StoryBook students presenting Legally Blonde for 46th Season of Inspiration

More than 300 theatre students went through an intense summer of musical theater leading up to shows later this month

Cast members from the StoryBook Theatre's Legally Blond perform at a fundraising event for the theatre. TIM NGUYEN / STORYBOOK THEATRE

Much like the story of Elle Woods, played by Reese Witherspoon in 2007’s film Legally Blonde, theatre students found themselves professionally, and personally growing through one of the most intensive theatre experiences around.

And although StoryBook Theatre is no Harvard Law, the setting for Legally Blonde, the students re-created the hit film turned Broadway show for this year’s Season of Inspiration. It is StoryBook Theatre’s 46th season.

The students, aged 13 through 20, began the summer with theatre, dance, and music workshops. The goal of StoryBook Theatre’s artistic team was to direct them towards eventually auditioning for the show—although everyone in the program has a part to play regardless.

“Legally Blonde is all part of that. They will work on the show, create the show, and while they’re doing the show five days a week, they also have their technique training and their jury prep to be working on,” said JP Thibodeau, StoryBook Theatre’s artistic producer.

“So it’s an intensive summer for the students.”

The performances begin on August 19 and run until September 10. Tickets are available online, and performances take place at the Beddington Theatre Arts Centre.

Elle Woods role is being co-played by Alexa Andrews and Ella Challoner. Cameron Gilmour will be playing Elle’s narcissistic ex-boyfriend Warner Huntington III. And Aaaronsaul Negre will be playing Elle’s love interest, Emmett Forrest.

Meeting real celebrities as part of the StoryBook program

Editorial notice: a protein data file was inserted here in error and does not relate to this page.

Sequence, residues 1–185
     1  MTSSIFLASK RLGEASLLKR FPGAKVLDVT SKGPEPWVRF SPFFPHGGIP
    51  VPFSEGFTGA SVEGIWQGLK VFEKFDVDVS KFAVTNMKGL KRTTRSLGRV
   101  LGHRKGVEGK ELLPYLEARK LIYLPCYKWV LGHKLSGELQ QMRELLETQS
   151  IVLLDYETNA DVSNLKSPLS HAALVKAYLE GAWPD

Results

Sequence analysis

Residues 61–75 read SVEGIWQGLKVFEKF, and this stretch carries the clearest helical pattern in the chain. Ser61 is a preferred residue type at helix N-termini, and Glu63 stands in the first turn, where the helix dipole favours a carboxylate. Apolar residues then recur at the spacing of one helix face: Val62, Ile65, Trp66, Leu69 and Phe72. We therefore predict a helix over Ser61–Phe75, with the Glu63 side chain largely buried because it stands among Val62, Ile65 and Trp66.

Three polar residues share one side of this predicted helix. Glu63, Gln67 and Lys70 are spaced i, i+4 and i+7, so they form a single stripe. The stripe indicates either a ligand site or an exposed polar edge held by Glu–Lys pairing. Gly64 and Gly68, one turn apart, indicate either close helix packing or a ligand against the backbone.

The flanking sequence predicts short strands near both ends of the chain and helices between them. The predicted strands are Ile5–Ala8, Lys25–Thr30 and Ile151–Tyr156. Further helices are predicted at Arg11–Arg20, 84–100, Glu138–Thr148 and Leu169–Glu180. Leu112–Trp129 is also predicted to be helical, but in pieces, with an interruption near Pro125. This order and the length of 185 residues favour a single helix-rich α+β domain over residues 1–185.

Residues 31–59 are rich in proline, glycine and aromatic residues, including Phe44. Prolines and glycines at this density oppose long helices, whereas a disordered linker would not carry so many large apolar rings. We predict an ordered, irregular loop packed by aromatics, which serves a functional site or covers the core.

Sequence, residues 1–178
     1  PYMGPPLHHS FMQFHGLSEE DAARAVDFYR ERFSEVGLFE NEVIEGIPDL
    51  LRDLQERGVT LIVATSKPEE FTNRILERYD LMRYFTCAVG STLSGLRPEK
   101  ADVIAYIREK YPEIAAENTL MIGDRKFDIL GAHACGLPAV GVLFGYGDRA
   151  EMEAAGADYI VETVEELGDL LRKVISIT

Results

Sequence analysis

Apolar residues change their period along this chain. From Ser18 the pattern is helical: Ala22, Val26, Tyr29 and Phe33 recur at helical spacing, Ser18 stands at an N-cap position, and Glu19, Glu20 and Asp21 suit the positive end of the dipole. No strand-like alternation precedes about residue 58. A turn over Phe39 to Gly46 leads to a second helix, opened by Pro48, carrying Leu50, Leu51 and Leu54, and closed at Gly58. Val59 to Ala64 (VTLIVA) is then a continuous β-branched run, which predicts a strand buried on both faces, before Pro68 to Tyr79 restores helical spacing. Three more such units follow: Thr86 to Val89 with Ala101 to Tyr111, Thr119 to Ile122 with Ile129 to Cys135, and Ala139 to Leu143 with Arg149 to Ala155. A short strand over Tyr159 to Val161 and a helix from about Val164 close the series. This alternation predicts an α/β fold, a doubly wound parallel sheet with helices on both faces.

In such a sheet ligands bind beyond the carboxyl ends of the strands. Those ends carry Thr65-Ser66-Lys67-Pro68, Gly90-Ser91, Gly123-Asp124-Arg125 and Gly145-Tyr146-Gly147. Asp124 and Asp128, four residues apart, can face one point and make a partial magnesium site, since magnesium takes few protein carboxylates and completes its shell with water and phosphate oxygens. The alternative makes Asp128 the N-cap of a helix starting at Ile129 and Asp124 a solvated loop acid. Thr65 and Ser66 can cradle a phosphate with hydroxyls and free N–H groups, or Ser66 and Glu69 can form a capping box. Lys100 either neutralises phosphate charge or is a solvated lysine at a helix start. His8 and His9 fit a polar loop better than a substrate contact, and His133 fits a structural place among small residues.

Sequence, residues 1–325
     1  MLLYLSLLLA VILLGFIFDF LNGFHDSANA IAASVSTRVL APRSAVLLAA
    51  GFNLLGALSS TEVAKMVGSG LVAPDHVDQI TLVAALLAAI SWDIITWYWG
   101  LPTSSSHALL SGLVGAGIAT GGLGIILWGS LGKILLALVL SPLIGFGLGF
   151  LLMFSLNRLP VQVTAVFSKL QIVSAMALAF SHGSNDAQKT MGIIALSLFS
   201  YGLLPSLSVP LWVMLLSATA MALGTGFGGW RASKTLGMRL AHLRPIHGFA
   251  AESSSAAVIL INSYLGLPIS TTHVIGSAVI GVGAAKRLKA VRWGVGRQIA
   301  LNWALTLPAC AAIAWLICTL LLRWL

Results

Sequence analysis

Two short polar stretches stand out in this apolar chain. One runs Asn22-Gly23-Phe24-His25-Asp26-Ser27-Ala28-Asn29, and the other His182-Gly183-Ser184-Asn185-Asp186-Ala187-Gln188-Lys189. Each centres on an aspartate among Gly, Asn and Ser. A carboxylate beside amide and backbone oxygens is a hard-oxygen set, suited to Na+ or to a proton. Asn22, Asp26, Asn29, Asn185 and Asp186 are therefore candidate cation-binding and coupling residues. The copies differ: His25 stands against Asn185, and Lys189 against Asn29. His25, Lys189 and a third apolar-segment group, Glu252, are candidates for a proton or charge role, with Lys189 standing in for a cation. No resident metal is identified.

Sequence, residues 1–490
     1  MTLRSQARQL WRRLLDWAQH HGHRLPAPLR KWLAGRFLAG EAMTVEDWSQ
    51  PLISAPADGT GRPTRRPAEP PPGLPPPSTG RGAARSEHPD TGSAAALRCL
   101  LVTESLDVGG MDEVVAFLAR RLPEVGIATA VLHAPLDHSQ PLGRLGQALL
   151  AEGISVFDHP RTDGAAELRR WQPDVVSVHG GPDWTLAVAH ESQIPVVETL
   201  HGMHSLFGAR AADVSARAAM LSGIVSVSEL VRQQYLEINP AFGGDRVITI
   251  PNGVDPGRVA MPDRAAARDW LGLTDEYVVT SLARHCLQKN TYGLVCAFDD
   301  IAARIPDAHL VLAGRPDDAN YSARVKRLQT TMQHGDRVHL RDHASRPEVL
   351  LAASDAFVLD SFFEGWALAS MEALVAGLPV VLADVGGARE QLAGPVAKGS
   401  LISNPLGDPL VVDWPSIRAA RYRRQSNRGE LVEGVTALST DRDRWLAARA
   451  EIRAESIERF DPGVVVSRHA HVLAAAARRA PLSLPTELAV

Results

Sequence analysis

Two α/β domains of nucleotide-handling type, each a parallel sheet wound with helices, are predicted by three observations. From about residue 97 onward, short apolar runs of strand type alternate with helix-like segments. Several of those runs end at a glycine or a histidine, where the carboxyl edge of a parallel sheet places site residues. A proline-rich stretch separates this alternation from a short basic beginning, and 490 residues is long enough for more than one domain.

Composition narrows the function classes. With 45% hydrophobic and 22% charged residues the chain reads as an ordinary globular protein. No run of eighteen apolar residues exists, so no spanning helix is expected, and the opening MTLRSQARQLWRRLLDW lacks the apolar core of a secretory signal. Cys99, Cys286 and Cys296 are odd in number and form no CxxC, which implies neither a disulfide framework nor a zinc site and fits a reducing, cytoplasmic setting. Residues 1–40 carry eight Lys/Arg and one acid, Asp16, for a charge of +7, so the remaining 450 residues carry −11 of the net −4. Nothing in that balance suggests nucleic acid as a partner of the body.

Part of the StoryBook Theatre program jury prep involves the students eventually going before a panel of theatre professionals to get feedback on their performances, and to ask questions about the industry.

Thibodeau said that he has been bringing in notable Canadian and American theatre professionals, often celebrities, because of the opportunity it presents to the students.

“I realized that that’s the disconnect for kids, that they don’t realize they’re also people who went through the same struggles they did,” he said.

A highlight for this year was getting to work with Laura Bell Bundy, who played Elle in the original Broadway run of Legally Blonde.

“Half the kids couldn’t believe that she was in the same room with them, watching them, and some of the kids were going, ‘she’s my idol, she’s my hero,'” said Thibodeau.

“Now it’s a real person. It just makes that person, that dream, much more real when the real person is out in the same room as them.

“And whether she’s your idol or not, she’s someone who’s done what you’re dreaming of doing, and you get to have that one on one connection with them and realize that she’s just a human being like you.”